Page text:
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When observing with Nod & Shuffle, one needs to define a nod vector and distance. This is the direction and the distance that the telescope will move when changing pointing from the object position to the sky position. In theory there is no restriction on the size and direction of the nod, though in practice there are several factors one should consider:

  • How much additional overhead can the observations tolerate? Both the size and direction of the telescope nod will affect the amount of extra overhead incurred by the Nod & Shuffle observations compared to classical spectroscopic observations. While minimizing these extra overheads shouldn't be the primary consideration when selecting a telescope nod configuration, they can have an important impact on the observing efficiency.

  • Does one wish to nod along the slit and observe the target in both the sky and object positions? This is a useful mechanism by which one can double the exposure time on the target and greatly reduce the overheads associated with Nod & Shuffle observing. However, this may not be possible or desirable for certain applications, e.g. observing crowded fields or extended objects. When nodding along the slit there are certain additional considerations to take into account when designing the Nod & Shuffle focal plane mask.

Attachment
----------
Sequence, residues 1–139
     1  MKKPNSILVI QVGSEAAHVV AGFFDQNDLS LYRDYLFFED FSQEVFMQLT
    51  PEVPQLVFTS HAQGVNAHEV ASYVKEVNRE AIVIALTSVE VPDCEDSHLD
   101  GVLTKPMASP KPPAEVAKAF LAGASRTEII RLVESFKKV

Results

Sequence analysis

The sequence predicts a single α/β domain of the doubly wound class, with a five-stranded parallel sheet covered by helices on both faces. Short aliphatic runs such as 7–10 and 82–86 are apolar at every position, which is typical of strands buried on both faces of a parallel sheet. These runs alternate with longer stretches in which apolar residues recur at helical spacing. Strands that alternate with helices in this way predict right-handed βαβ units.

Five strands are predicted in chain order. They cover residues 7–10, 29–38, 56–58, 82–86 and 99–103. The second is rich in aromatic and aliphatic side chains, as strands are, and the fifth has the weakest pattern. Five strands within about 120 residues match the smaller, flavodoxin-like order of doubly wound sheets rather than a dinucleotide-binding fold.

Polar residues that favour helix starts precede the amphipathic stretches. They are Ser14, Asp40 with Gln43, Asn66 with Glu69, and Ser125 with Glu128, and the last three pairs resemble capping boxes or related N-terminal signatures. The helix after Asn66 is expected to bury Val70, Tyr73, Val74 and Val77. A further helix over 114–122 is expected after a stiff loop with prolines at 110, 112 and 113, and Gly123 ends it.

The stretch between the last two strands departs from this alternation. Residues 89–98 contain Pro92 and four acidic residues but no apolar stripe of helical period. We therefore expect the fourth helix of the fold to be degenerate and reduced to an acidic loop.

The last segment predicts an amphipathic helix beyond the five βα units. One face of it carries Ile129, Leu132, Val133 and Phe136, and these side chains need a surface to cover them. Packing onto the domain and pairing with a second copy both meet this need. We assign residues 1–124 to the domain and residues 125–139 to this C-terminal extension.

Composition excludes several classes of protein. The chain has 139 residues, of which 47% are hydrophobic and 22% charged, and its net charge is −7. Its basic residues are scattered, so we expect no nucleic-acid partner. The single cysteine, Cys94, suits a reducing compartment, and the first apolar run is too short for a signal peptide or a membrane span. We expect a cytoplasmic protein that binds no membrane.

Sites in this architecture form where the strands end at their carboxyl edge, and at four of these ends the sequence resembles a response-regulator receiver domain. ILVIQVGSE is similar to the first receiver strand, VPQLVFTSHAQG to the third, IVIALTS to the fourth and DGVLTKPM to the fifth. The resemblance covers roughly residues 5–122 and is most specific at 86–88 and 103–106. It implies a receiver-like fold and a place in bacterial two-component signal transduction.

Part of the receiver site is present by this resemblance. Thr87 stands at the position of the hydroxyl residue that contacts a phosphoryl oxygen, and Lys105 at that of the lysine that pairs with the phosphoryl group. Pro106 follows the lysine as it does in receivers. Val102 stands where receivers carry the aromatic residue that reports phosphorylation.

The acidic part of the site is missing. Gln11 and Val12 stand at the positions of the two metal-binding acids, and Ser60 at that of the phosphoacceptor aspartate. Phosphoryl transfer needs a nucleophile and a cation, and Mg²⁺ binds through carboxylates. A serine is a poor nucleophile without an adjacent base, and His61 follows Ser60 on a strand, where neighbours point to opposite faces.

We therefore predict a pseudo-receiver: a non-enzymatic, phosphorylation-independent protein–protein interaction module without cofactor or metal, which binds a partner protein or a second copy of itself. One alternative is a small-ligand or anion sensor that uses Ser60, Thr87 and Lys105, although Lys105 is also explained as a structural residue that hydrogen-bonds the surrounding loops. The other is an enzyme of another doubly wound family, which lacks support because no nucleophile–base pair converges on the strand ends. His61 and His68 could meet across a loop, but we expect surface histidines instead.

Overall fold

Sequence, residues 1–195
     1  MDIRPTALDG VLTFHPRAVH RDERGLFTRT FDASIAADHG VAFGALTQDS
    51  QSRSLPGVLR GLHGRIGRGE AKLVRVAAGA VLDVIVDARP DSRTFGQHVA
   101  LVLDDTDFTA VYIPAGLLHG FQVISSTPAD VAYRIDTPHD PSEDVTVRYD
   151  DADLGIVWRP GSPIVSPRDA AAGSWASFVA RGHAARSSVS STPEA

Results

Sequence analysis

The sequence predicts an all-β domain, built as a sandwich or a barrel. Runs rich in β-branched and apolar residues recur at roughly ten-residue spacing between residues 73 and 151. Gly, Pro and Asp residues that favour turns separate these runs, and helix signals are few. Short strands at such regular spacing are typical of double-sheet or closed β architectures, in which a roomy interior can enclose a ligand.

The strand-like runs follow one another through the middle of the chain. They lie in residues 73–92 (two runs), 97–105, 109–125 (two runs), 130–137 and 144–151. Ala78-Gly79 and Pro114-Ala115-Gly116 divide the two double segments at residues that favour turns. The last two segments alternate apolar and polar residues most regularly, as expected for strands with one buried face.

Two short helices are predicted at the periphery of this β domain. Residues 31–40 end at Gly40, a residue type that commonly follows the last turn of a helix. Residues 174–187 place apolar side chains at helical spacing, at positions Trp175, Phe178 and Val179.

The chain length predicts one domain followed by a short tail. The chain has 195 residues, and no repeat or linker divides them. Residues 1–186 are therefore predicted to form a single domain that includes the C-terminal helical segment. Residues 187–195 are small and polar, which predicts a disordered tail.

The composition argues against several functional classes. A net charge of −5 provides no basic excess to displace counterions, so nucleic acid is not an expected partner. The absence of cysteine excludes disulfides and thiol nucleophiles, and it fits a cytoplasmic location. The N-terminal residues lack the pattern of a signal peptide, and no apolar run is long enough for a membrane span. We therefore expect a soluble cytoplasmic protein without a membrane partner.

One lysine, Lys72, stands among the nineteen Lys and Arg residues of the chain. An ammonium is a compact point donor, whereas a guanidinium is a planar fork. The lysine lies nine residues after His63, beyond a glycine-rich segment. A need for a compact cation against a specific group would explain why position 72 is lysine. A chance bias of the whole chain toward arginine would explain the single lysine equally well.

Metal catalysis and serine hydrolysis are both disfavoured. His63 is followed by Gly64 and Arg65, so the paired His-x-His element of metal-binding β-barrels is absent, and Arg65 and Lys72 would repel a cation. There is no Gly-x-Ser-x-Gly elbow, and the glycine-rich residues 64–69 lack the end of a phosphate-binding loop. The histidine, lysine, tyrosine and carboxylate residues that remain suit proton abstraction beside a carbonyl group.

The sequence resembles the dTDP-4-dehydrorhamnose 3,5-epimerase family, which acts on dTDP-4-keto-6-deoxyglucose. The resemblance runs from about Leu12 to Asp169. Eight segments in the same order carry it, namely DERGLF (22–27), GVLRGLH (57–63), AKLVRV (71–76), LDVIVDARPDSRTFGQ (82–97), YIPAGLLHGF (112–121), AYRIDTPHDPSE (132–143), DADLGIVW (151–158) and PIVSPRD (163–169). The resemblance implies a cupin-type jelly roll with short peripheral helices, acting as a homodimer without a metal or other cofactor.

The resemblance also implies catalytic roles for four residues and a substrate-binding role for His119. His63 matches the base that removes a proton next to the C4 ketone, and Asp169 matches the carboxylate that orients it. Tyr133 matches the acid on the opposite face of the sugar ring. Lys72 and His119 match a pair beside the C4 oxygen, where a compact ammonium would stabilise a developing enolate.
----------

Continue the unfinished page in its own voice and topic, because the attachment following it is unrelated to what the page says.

• If one is not nodding along the slit, one must define a sky position which does not place any objects in the slitlets. This can be tricky especially if one is using a large nod to a position for which deep imaging does not exist. It may be beneficial to request pre-imaging for both the target and sky positions if one anticipates using a very large (several arcmin) nod with Nod & Shuffle. Or perhaps more useful would be to request a short exposure (5min) at the sky position through the mask once it has been designed - this is the best way to make sure there are no bright objects contaminating the spectral image of the sky.

  • Can one still guide in the sky position? For large nods (several arcmin or more) it is unlikely that the OIWFS will still be able to reach the guide star (the OIWFS patrol field is 3.54 arcmin x 4.15 arcmin). At this time, guiding with two separate guide stars in the target and sky positions is not a supported GMOS operational mode. It is still possible to take the sky spectra unguided (specify OIWFS in FREEZE mode for the sky position) but one must make doubly sure there are no bright objects that can wander into the slits during the unguided sky exposure. Note that observing with the sky position unguided will also help to reduce the Nod & Shuffle overheads.

  • One is restricted to a single nod definition for each Nod & Shuffle observation. This means that the telescope will continuously nod between one target position and one sky position; this is known as the standard Nod & Shuffle mode. There are plans to support a pattern mode in a future implementation where the telescope nods between the target position and any number of user-specified sky positions in the same Nod & Shuffle observation.

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